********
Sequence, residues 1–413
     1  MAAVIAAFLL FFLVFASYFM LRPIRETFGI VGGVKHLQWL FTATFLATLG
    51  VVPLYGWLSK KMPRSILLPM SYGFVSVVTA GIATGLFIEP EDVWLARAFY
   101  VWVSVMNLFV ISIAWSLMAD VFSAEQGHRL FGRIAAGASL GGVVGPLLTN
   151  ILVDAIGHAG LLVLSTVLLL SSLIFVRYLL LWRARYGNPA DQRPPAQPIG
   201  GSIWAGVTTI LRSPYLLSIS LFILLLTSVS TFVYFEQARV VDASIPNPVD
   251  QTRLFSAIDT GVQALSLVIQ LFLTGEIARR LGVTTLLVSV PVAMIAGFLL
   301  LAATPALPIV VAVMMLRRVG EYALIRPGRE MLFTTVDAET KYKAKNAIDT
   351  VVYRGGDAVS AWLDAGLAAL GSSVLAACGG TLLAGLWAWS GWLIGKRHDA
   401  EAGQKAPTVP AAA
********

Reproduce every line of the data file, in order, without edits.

Sequence, residues 1–413
     1  MAAVIAAFLL FFLVFASYFM LRPIRETFGI VGGVKHLQWL FTATFLATLG
    51  VVPLYGWLSK KMPRSILLPM SYGFVSVVTA GIATGLFIEP EDVWLARAFY
   101  VWVSVMNLFV ISIAWSLMAD VFSAEQGHRL FGRIAAGASL GGVVGPLLTN
   151  ILVDAIGHAG LLVLSTVLLL SSLIFVRYLL LWRARYGNPA DQRPPAQPIG
   201  GSIWAGVTTI LRSPYLLSIS LFILLLTSVS TFVYFEQARV VDASIPNPVD
   251  QTRLFSAIDT GVQALSLVIQ LFLTGEIARR LGVTTLLVSV PVAMIAGFLL
   301  LAATPALPIV VAVMMLRRVG EYALIRPGRE MLFTTVDAET KYKAKNAIDT
   351  VVYRGGDAVS AWLDAGLAAL GSSVLAACGG TLLAGLWAWS GWLIGKRHDA
   401  EAGQKAPTVP AAA